Cheryl Rogers says she’s no liar.

The plaintiff at the center of the first trial from pain reliever Vioxx said Monday she’s furious that the drug’s manufacturer, Merck & Co., is branding her untruthful in court documents filed earlier this month in Alabama.

“Sitting back and crying and being emotional doesn’t get you anywhere,” said Rogers, who believes Vioxx played a role in the 2001 death of her 42-year-old husband, Brad.

Merck pulled Vioxx off the market last September after a study showed it doubled the risk of heart attacks and strokes in patients taking the drug for more than 18 months. That opened the lawsuit floodgates; more than 2,400 have been filed.

Rogers’ trial is set for May 23rd in Clay County Circuit Court in Ashland, Ala. As it approaches, the discourse between the two sides has become fierce, with allegations of fraud, smear campaigns and intimidation flying.

Circuit Court Judge John Rochester will hear arguments in the case on Tuesday.

Last week, Rogers’ lawyers filed a motion accusing Merck of violating the court’s protective order when it disclosed information about her husband. They also allege Merck violated federal laws mandating the confidentiality of medical records. Rogers’ lawyers want the protective order lifted so all can see the documents they’ve obtained in preparing for the trial.

Merck’s disclosures stemmed from a motion accusing Rogers of committing fraud against the court. The company said the Vioxx samples Rogers provided to them as the medicine her husband was taking didn’t leave the company until six months after he died. Moreover, the doctor who was treating her husband said he had no record of giving him Vioxx samples.

As part of the motion, Merck released depositions and records which noted some of Rogers’ health issues, including high blood pressure and high cholesterol.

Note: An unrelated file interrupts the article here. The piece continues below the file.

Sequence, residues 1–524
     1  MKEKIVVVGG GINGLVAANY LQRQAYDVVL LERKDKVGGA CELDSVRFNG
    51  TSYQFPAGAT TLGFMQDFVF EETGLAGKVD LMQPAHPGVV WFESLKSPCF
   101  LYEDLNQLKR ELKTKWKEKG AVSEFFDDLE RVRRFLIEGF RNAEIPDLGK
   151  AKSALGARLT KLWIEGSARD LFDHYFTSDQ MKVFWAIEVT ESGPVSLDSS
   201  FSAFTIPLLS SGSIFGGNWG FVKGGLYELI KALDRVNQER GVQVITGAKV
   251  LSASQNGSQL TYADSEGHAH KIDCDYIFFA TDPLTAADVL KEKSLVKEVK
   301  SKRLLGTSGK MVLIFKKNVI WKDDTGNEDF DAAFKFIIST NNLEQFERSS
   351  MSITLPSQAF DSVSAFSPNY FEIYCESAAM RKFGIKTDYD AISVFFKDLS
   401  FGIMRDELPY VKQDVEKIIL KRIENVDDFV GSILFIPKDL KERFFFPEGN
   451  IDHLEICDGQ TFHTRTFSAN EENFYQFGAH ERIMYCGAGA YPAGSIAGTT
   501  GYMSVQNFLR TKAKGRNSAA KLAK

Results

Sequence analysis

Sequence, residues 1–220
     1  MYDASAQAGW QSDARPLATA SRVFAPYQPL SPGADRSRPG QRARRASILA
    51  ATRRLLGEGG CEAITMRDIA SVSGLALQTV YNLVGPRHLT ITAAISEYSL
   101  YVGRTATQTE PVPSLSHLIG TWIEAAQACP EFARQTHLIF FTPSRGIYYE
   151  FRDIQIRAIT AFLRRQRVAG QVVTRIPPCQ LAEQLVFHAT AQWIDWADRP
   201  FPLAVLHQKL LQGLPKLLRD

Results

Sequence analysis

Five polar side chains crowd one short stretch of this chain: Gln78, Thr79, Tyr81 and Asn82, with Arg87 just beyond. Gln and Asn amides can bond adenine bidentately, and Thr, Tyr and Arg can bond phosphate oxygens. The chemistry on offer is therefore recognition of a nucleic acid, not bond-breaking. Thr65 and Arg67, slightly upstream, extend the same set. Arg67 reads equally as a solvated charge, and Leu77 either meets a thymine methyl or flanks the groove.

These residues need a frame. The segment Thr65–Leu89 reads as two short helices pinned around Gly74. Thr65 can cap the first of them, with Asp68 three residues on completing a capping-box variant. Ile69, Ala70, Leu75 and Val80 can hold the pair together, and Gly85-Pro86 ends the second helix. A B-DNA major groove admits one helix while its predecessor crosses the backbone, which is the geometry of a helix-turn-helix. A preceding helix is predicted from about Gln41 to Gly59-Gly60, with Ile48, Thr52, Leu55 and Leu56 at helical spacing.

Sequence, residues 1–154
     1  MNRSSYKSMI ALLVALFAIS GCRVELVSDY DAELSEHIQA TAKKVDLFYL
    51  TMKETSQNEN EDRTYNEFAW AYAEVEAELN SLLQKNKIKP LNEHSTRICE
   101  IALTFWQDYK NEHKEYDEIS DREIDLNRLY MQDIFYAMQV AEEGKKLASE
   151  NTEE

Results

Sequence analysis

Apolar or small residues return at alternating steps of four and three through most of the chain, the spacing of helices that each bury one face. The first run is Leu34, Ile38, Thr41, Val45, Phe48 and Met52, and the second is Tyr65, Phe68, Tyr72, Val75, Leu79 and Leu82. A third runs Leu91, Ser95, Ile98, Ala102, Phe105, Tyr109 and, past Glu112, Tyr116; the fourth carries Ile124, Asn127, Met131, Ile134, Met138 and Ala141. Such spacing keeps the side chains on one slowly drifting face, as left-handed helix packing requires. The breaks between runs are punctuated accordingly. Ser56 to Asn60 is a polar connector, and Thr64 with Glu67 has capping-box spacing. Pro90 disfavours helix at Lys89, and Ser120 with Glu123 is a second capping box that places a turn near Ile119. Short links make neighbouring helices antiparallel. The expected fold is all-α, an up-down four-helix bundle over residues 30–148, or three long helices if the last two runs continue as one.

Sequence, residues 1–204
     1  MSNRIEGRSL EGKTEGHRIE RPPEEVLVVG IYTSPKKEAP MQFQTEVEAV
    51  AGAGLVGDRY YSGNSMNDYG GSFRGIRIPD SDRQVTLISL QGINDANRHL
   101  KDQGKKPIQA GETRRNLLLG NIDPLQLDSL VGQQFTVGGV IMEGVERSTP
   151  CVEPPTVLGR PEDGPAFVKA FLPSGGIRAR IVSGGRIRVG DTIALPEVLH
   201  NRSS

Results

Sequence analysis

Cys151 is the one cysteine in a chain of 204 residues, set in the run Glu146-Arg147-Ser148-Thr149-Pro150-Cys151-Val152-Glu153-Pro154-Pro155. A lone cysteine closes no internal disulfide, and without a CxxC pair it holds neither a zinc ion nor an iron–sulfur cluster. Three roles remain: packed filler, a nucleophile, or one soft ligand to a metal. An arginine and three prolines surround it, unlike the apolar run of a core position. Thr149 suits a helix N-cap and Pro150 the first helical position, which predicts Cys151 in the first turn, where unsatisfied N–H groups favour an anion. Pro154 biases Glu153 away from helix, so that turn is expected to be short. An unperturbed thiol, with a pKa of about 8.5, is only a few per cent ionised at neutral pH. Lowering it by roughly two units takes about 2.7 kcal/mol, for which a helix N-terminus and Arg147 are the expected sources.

In a statement, Ted Mayer, one of Merck’s lawyers, said the motion contained important information in the Rogers case which the company believed was important to bring to the judge’s attention. He noted the court admitted the motion.

The stakes for Merck are high: Analysts estimate the lawsuits could cost the company up to $18 billion if verdicts go against it, so both investors and other plaintiff lawyers will be watching the first case carefully.

In response to Merck’s motion, Rogers’ lawyers filed a brief accusing the drug maker of conducting a smear campaign against their client to poison the local jury pool. They allege Merck’s actions are just an extension of the company’s history of intimidating doctors who questioned Vioxx’s safety.

Included in the plaintiff lawyers’ filing is a letter from Stanford University medical professor Dr. James Fries to Merck CEO Raymond Gilmartin. It says the company “systematically attacked those investigators or speakers who expressed what Merck staff felt were critical opinions in a manner which seriously impinges on academic freedom.”

Another document is a dossier on the activities of Dr. Gurkipal Singh, who Merck regarded as a Vioxx critic.

“Merck’s strategy is just to attack Cheryl’s credibility,” said Andy Birchfield, one of Rogers’ lawyers. “It is what they have done before.”

Rogers, in an interview with The Associated Press, said she never imagined that when she filed her lawsuit she would be at the center of such public, bitter dispute.

“I didn’t think it would be easy,” Rogers said. “But I never expected this.”

Rogers insisted she is not committing fraud. She said she just got confused and the samples she gave Merck belonged to her mother. Rogers lives in a trailer beside her parents’ home and she and her husband spent most of their free time there.

“A clerical error” is how Rogers explains the lack of a record of her husband receiving the Vioxx samples. Numerous people will testify that they knew Rogers was taking Vioxx, and according to Birchfield that is the crucial issue, not where samples came from.

The Rogers’ 9-year-old son, Kyle, may be called to testify.

Rogers said that between raising her son alone and working long hours as an emergency medical technician, she doesn’t have much time to dwell on the lawsuit.

About once a week she visits her husband’s grave, which is on the family’s 50 acres of property, about a quarter-mile from their house. It is decorated with lots of flowers and tiny ceramic animals left by Kyle.

Rogers said she isn’t worried about testifying, even though she realizes Merck lawyers may be ruthless in their questioning.

“I’m just going to be honest,” said Rogers. “I did nothing wrong. I have no problems sleeping at night.”

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